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Paris remembers unknown Indian soldiers

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Paris: In a moving ceremony, organised here for the first time, martyred Indian soldiers were remembered at the iconic Arc de Triomphe, which is home to the Flame in the Memory of the Unknown Soldier.

The flame has been rekindled by the French army every single day since November 1923, even during the Second World War when Paris was occupied by the Germans. However, so far it had never been done in the memory of Indian soldiers, even though over 10,000 of them laid down their lives in the defence of France and other allied nations in the First World War, which had seen over 130,000 Indian soldiers arrive in France to battle the Germans.

The proof of the valiant Indian soldiers lies in Neuve Chapelle, a small village on the border with Belgium, where 4,200 Indian soldiers were killed in intense fighting that lasted over three days. The Indian armies finally drove out the German occupiers and gained control of this strategic village.

To commemorate these soldiers, the Indian community got together with the Indian embassy here, to organise a ceremony for the first time. The initiative was taken by Rajaram Munuswamy, secretary general of GOPIO International, the organisation that brings together persons of Indian origin in various countries around the world.

“In this centenary year of the World War I, we have organised several events to honour Indian soldiers and that is why we approached the French defence ministry to allow us to commemorate the ceremony at this unique monument. This is the first time in the history of France that the Indian community is remembering its soldiers,” Munuswamy told this correspondent.

For this occasion, GOPIO chose a very auspicious and indeed apt day, December 16, which is also celebrated as the V-Day in 1971 war with Pakistan and which led to the creation of Bangladesh.

The flame was lit by Indian Ambassador Mohan Kumar in the presence of over 400 members of the Indian diaspora, who had gathered not only from France but also from Britain, Guadeloupe and Mauritius, among other countries. Notable among those present was GOPIO International president Diljit Rana GOPIO International chairman Mahen Utchanah.

Before the flame was lit, the diaspora members organised a small march on the Champs Elysées, bearing the Indian tricolour as well as the flags of France and GOPI.

On the occasion, Mohan Kumar thanked the Indian community in France for having taken the initiative and joining in the efforts of the Indian embassy to ensure that a proper recognition is awarded to the valiant efforts and sacrifices made by the Indian soldiers in France over a century ago.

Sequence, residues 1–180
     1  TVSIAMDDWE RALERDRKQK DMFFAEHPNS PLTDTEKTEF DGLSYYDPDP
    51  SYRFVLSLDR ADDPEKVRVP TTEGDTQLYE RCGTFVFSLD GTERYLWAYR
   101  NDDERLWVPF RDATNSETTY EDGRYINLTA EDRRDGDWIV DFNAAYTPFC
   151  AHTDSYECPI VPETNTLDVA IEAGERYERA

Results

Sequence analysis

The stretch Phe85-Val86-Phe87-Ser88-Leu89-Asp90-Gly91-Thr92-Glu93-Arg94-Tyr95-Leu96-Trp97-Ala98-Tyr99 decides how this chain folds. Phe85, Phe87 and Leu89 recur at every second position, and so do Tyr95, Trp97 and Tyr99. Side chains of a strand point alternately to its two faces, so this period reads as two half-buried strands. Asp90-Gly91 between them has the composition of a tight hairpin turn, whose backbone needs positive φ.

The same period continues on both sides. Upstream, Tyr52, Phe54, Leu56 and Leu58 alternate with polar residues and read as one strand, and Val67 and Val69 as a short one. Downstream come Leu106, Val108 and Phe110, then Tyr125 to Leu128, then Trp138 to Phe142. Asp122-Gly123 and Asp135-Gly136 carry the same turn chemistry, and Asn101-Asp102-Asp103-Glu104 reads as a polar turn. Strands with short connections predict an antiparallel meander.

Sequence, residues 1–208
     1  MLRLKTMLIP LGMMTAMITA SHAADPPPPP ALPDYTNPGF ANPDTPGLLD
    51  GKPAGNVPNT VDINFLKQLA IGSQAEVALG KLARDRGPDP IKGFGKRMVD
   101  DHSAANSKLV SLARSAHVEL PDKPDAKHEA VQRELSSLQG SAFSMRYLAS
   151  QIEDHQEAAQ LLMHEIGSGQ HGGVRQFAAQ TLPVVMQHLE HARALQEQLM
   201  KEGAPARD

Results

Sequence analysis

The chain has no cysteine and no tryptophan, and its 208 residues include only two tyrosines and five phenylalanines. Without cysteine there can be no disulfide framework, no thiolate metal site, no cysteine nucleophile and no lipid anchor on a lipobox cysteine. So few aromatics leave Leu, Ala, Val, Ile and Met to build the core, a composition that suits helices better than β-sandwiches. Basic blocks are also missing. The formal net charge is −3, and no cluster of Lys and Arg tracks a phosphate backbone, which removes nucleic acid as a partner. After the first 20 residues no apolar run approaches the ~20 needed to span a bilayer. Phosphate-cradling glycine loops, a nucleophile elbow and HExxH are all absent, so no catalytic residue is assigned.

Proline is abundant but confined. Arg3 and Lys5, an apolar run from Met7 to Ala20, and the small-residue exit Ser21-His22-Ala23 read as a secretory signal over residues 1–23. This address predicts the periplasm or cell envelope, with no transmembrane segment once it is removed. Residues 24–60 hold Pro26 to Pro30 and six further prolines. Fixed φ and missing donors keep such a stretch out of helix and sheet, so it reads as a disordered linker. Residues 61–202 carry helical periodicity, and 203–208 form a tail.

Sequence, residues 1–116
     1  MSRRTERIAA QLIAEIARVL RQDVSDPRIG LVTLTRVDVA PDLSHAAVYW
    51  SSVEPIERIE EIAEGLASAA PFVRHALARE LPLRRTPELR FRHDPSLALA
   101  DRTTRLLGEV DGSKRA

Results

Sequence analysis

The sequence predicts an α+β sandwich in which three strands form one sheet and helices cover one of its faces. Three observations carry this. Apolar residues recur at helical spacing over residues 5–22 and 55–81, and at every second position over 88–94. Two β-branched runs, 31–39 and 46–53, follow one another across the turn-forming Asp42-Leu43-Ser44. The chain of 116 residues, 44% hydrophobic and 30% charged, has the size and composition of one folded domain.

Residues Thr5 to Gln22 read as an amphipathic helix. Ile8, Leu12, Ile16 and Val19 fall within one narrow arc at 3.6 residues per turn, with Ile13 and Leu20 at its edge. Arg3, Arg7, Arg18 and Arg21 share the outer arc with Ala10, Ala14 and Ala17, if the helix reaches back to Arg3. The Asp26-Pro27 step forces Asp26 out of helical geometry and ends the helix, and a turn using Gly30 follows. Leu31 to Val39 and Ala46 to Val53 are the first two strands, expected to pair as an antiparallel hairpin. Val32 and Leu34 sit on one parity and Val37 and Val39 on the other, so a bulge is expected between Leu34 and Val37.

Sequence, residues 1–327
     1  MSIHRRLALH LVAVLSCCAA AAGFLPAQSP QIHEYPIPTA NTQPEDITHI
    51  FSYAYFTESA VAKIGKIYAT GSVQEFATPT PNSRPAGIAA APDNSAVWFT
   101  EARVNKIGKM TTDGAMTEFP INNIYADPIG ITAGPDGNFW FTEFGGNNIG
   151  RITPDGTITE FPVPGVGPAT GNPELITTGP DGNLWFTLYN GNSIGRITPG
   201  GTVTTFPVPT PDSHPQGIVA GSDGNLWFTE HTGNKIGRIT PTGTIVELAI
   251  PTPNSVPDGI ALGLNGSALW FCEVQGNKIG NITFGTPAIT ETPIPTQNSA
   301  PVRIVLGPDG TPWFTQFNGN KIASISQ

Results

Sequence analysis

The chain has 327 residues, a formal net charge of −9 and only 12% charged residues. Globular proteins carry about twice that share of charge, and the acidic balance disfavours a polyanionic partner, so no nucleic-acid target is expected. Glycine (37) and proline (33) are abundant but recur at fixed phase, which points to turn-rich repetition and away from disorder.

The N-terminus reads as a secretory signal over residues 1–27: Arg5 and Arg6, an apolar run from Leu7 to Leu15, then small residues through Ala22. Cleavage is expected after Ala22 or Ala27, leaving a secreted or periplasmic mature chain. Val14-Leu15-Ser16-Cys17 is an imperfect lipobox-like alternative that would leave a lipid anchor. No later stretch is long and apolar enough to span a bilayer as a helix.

After the brief ceremony at the Arc de Triomphe, the event continued in a nearby hotel where the Indian ambassador and prominent GOPIO members shared their thoughts on the unity and cohesion needed among the communities worldwide to combat the terrorism which has no frontiers and affects the humanity. (Ranvir Nair, IANS)

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France Hopes To Revive Efforts To Regulate Internet Cyberspace With ‘Paris Call’

Large U.S. tech companies including Facebook and Alphabet's Google would sign up too.

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French President Emmanuel Macron delivers a speech at the Paris Peace Forum at the Villette Conference Hall in Paris, France, VOA

France and U.S. technology giants including Microsoft on Monday urged world governments and companies to sign up to a new initiative to regulate the internet and fight threats such as cyberattacks, online censorship and hate speech.

With the launch of a declaration entitled the ‘Paris call for trust and security in cyberspace’, French President Emmanuel Macron is hoping to revive efforts to regulate cyberspace after the last round of United Nations negotiations failed in 2017.

In the document, which is supported by many European countries but, crucially, not China or Russia, the signatories urge governments to beef up protections against cyber meddling in elections and prevent the theft of trade secrets.

Cloudhopper, cyberattacks, internet
Alister Shepherd, the director of a subsidiary of the cybersecurity firm FireEye, gestures during a presentation about the APT33 hacking group, which his firm suspects are Iranian government-aligned hackers, in Dubai, United Arab Emirates. VOA

The Paris call was initially pushed for by tech companies but was redrafted by French officials to include work done by U.N. experts in recent years.

“The internet is a space currently managed by a technical community of private players. But it’s not governed. So now that half of humanity is online, we need to find new ways to organize the internet,” an official from Macron’s office said.

“Otherwise, the internet as we know it today – free, open and secure– will be damaged by the new threats.”

By launching the initiative a day after a weekend of commemorations marking the 100th anniversary of World War I, Macron hopes to promote his push for stronger global cooperation in the face of rising nationalism.

Cloudhopper, cyberattacks, internet
The picture shows a warning sign for “cyber threats ahead”.

In another sign of the Trump administration’s reluctance to join international initiatives it sees as a bid to encroach on U.S. sovereignty, French officials said Washington might not become a signatory, though talks are continuing.

However, they said large U.S. tech companies including Facebook and Alphabet’s Google would sign up.

Also Read: Social Media Laws Should Be Tightened: Germany

“The American ecosystem is very involved. It doesn’t mean that in the end the U.S. federal government won’t join us, talks are continuing, but the U.S. will be involved under other forms,” another French official said. (VOA)